thanksgiving

I am forever thankful for you KAL.

“It’s difficult for me to imagine the rest of my life without you. But I suppose I don’t have to imagine it… I just have to live it”

-Ranata Suzuki

Yet again, I don’t want to write. But I need to, because I know it helps me. It’s just hard, because it always makes me cry. And I’m so sick of crying.

Oh well, here we go, tears and all.

2 teenage girls, 15 and 18, died in a car accident this past week. They were from a town about 30 miles from Aberdeen. I instantly felt for their parents, family, and friends. It made me think of my nephew Timmy and the horrific car accident that took his life at 15.

The devastating loss of these 2 young ladies isn’t what I want to talk about though, it’s the ignorant comment I read on the news story about the accident.

“Poor family, during the holidays.”

How in the world is a tragic loss that happens on a random day any easier to deal with than one that happens over the holidays? Do people REALLY think that? Please tell me they don’t.

If you think that losing Kellan on July 4th made it harder, that is FALSE. Every single day is hard. If he died on August 4th, it would not have been any easier.

Please people, let’s not say ignorant things like this. Losing a loved one during the holidays is not any more difficult than losing a loved one on a random day. It all sucks horribly bad. It’s not about the day, it’s about the loss.

Moving on…

The South Dakota snow decided to ruin yet another trip. Casey, her dad, and Olivia were supposed to spend Thanksgiving in Aberdeen. We had so many plans. Casey is a planner. We already had every meal planned, activities organized, and even a best friend photoshoot scheduled.

Nebraska, Iowa, & South Dakota had other plans: 8-11 inches of snow and blizzard like conditions. While I adore her for being willing to try, the weather just wasn’t going to cooperate. There’s no way I wanted her to risk the drive – it just wouldn’t be worth it. But it just sucked.

This is going to sound horrible, but it’s the truth: I am starting to just expect to be let down. For some reason, I’ve been let down a lot the last 5 months. If I prepare myself for it mentally, it seems easier to handle. It is what it is.

I promise I’m not ungrateful. I have watched so much love get spread in the name of my son, and I am forever thankful for it. But it just feels like when I really let myself look forward to something, or trust in someone, they tend to let me down. Maybe it’s always been like this, and I’m just more aware now?

My parent’s 35th wedding anniversary was on Monday. 35 years. It’s hard to believe. In February of 2020, they are finally getting to go on the honeymoon they never took and I am so happy for them. I’m also terrified for them to leave me for a week.

Thanksgiving was uneventful – which was nice. My mom made the meats and desserts, and I made the sides. We enjoyed each other like always – because my parents are the best.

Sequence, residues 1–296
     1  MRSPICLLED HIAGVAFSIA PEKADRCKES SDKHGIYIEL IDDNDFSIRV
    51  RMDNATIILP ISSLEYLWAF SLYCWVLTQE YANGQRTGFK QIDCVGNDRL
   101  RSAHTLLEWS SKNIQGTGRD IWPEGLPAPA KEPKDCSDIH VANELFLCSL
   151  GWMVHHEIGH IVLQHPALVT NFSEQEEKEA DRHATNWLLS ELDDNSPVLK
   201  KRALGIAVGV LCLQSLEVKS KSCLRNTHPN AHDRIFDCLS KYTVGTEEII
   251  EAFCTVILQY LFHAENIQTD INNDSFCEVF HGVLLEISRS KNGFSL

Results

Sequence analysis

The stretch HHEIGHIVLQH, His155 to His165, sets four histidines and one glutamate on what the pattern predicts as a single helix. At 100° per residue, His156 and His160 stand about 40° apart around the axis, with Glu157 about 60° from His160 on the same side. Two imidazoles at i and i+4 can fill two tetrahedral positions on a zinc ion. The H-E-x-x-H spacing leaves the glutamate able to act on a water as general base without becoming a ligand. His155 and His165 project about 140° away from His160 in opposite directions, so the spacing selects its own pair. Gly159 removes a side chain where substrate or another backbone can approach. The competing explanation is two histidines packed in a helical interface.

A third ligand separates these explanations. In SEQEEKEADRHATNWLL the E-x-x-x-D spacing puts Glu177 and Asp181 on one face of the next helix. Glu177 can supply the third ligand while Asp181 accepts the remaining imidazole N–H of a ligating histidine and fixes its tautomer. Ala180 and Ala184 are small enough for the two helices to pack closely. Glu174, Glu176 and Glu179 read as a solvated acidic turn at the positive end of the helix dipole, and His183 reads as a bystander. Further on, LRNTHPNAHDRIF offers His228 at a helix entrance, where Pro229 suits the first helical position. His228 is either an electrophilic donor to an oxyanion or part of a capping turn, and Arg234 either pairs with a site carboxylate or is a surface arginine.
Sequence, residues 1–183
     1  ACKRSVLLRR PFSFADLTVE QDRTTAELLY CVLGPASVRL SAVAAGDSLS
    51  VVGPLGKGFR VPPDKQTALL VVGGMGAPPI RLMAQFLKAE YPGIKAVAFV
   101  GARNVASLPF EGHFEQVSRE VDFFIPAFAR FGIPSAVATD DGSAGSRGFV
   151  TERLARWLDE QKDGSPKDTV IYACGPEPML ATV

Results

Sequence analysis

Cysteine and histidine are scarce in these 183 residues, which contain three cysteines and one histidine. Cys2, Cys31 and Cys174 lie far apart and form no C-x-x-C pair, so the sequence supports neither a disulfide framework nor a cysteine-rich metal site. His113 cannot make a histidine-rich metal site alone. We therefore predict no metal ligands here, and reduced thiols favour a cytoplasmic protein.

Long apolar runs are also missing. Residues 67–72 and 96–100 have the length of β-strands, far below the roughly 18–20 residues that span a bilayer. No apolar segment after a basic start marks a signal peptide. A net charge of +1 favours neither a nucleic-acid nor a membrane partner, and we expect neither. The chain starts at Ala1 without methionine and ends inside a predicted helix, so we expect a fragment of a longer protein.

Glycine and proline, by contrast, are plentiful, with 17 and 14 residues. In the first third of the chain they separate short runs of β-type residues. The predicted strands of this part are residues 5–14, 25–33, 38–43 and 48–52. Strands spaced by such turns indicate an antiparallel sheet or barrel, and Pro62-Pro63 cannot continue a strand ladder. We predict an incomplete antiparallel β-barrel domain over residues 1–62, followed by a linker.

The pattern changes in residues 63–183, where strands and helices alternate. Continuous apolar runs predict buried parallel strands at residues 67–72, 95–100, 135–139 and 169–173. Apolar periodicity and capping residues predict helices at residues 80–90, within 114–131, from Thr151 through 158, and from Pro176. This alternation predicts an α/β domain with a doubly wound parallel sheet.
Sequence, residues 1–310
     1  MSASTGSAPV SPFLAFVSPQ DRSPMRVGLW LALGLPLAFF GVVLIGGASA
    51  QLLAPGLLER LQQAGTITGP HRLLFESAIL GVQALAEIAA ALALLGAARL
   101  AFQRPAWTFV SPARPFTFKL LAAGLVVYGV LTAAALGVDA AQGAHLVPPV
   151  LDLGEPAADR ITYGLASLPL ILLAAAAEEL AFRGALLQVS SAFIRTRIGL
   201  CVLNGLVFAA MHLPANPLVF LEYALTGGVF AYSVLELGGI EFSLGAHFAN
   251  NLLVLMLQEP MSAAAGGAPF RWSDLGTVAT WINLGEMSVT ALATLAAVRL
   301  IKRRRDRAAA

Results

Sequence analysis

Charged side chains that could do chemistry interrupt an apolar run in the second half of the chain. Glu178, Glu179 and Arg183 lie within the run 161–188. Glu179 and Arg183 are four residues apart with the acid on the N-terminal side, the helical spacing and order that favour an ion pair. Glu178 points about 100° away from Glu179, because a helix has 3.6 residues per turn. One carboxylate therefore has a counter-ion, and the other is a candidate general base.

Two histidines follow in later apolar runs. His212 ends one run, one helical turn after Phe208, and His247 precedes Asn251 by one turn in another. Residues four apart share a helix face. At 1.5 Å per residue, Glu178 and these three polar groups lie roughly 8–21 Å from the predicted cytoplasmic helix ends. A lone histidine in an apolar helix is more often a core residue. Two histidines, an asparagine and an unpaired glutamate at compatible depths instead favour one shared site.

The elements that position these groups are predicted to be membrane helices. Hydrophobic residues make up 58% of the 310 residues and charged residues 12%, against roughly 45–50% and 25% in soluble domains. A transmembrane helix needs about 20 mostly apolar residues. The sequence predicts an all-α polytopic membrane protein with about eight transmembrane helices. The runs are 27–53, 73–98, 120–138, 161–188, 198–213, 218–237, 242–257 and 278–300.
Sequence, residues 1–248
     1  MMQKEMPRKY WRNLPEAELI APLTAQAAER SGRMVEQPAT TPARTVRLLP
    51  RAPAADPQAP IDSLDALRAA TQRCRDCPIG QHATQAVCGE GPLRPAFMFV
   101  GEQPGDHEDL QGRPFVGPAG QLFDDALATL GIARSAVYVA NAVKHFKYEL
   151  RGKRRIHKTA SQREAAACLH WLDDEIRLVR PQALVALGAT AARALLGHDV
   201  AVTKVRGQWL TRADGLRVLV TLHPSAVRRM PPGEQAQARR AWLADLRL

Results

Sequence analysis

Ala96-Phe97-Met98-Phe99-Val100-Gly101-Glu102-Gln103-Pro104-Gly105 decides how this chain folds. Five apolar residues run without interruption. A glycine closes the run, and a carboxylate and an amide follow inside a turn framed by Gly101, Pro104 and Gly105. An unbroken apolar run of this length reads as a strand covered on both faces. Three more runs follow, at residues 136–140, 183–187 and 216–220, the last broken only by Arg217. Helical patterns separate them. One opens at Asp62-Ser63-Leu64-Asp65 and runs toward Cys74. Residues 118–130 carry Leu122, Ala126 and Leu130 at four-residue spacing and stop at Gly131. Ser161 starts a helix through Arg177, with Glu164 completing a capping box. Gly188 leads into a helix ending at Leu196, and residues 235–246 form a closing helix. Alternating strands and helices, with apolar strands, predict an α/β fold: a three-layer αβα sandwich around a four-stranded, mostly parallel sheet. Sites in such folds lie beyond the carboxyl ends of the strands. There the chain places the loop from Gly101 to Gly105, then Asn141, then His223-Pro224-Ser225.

If I’m being honest though, I just don’t want to celebrate anything right now. Who cares about the holidays? Not me. Kellan’s death doesn’t make holidays hard, it just makes life in general hard. My life is just hard.

I’ve never really been a holiday person. I think I’ve always disliked Christmas. I love giving presents year round, and randomly. I’m not really a fan of a holiday when you’re expected to give things to people. I’m a real Grinch….but I still always give gifts. Go figure.

Last weekend at the hockey game, I was laughing with a friend about something. I then randomly looked around at all of the people around me…and I wondered, do they think I’m done grieving because I am laughing?

I read an article the other day that I thought was spot on about this. It talked about the myth that if someone who is grieving seems happy, they must be finished grieving.

I will stop grieving Kellan’s death when I stop loving him, which is never.

My grief will never stop.

Just because someone seems happy in a moment, does not mean they are better. Please remember this.

And if you know someone who is grieving, even a death that was years ago, check in with them. See how they’re doing. Let them know you’re thinking of them. They will appreciate it.

The more we talk about grief, the more we acknowledge the pain, the more we hopefully move forward. Not move on, but forward.

At that same hockey game, a young lady I know through hockey approached me. She shared a story with tears in her eyes about how she was having a hard time at school. She decided to try what I was doing, and do Random Acts of Kindness with #KellanKares cards, to help her through her hard time. She wanted to share with me how much better it made her feel, and the impact it had in not just her life, but the lives of the people she did the acts of kindness for.

And I stood at the game and cried with her. I’m so thankful she shared her story with me. How special that my son gets to impact people in such a strong way. He is truly an angel.

I am forever thankful for you KAL.

Published by Tiffany Langer

Professional in Marketing, Leadership, and Business. Married to a hockey coach....and the game. So I suppose I'm a Professional Coach's Wife as well. Mom to one perfect little boy in heaven, Kellan.

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